According to Census figures in 2013, 18.9 million whites are poor. That’s 8 million more poor white people than poor black people, and more than 5 million more than those who identify as Latino. A majority of those benefiting from programs like food stamps and Medicaid are white, too.
I REPEAT: A majority of those benefiting from programs like food stamps and Medicaid are white.
But somehow our picture of poverty is different, and the media tends to tell us a different story. A recent New York Times story, “Cut in Food Stamps Forces Hard Choices On Poor,” included only pictures of African Americans and Latinos from the Bronx, N.Y., and a number of Southern states. In October, the Timespublished another story about the impact of states’ rejection of the Medicaid expansion that’s part of the Affordable Care Act.
The images accompanying that story were also all of black or Latino families. Was that because only blacks and Latinos receive Medicaid? No.
So, why didn’t the Times include a picture like this one?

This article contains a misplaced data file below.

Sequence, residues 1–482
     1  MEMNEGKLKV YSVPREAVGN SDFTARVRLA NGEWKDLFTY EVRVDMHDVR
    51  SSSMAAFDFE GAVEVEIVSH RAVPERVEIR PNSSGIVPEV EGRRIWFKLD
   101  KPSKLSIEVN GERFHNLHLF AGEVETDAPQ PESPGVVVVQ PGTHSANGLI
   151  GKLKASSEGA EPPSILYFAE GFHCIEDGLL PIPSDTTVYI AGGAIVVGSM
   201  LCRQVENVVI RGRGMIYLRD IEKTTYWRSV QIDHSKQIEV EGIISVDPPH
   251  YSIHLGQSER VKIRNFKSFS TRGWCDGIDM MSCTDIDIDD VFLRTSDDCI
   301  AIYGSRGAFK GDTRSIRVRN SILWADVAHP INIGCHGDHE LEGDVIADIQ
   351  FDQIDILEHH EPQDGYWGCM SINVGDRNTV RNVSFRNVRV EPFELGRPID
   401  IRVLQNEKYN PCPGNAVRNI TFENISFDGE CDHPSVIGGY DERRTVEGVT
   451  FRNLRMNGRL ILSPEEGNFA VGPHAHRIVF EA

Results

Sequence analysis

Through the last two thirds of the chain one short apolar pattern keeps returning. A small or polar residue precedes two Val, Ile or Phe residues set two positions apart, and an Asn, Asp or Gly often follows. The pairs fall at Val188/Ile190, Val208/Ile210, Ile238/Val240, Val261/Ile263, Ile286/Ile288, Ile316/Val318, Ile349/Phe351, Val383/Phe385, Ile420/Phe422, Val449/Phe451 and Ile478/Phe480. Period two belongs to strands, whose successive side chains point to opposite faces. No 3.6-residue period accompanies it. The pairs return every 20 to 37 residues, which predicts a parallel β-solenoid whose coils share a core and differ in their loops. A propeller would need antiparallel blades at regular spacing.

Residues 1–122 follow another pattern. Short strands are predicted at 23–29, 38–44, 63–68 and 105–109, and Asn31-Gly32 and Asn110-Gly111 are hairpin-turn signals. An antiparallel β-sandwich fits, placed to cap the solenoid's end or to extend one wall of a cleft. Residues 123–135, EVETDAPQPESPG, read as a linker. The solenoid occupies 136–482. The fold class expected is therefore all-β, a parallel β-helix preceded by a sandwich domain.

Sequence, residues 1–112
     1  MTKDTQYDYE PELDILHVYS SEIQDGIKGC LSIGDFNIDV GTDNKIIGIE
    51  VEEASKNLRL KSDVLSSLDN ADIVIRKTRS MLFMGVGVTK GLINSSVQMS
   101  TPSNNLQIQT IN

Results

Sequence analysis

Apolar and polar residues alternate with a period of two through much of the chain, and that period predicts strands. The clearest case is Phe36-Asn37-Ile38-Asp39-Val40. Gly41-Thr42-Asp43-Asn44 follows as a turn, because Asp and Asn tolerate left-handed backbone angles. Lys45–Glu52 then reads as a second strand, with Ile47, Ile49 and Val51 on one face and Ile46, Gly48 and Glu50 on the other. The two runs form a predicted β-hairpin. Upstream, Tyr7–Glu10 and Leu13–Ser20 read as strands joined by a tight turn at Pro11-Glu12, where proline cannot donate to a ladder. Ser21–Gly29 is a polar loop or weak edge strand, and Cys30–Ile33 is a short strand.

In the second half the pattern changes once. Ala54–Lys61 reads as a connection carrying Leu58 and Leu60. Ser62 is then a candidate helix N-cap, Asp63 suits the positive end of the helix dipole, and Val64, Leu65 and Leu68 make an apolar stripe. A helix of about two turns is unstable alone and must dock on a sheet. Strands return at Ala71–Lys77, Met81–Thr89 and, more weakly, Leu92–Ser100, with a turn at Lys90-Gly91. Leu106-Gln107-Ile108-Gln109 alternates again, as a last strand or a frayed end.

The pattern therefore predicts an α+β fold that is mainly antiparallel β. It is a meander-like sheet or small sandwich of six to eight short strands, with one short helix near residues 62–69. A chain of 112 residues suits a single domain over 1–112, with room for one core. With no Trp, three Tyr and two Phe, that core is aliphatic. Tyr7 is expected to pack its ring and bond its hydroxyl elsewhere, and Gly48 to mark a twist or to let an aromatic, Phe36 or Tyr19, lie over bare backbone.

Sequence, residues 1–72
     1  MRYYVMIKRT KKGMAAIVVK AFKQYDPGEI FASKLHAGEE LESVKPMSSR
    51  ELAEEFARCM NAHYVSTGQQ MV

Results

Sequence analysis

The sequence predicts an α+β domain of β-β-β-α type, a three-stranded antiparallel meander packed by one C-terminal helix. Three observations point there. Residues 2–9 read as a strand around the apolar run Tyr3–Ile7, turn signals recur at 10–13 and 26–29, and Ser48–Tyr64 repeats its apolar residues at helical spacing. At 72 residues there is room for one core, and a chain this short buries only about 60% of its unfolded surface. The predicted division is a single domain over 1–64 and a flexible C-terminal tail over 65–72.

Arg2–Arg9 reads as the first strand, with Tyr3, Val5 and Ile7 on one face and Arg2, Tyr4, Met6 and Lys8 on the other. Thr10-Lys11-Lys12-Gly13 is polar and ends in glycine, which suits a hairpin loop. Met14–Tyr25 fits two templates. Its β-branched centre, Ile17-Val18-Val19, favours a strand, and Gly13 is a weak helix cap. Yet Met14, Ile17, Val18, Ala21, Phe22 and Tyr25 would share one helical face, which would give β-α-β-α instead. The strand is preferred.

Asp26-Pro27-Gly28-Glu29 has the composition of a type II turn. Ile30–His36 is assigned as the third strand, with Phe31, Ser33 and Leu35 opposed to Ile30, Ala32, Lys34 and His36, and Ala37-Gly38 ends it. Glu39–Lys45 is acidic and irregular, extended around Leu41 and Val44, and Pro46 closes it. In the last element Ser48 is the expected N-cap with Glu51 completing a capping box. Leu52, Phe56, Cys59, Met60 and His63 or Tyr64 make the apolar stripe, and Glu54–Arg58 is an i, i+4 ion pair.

They’re all white, they’re organizing to raise poverty wages in Wisconsin and they’re all in need of Medicaid.
The Times and others like them are likely responding to the reality that blacks andLatinos are disproportionately poor 27 percent of African Americans and 25 percent of Latinos are poor, compared to just 9 percent of whites—and are disproportionately harmed by cuts to food stamps or limits to Medicaid.
I agree with the authors of these reports that we ought to be troubled by disproportionate harm to groups we know have been discriminated against. Yet, inadvertently, the traditional media’s one-sided image of poverty has contributed to the misconception that most poor people are black and that most black people are poor although more than 70 percent are not.
This stereotype, like most stereotypes, harms black people in myriad ways, especially because the political right has linked poverty with moral failure as a trope to undermine public support for government programs—remember Ronald Reagan's welfare queen? These tactics didn’t end in the 1980s. Last week, for example, Fox News’ Brad Blakeman said the government was "like a drug dealer" peddling "dependency" to food-stamp recipients.
Social scientists and others have long made the observation that the media over-emphasizes people of color in coverage of poverty and government benefits. But if the message hasn’t yet reached even the New York Times, it clearly needs to be said again.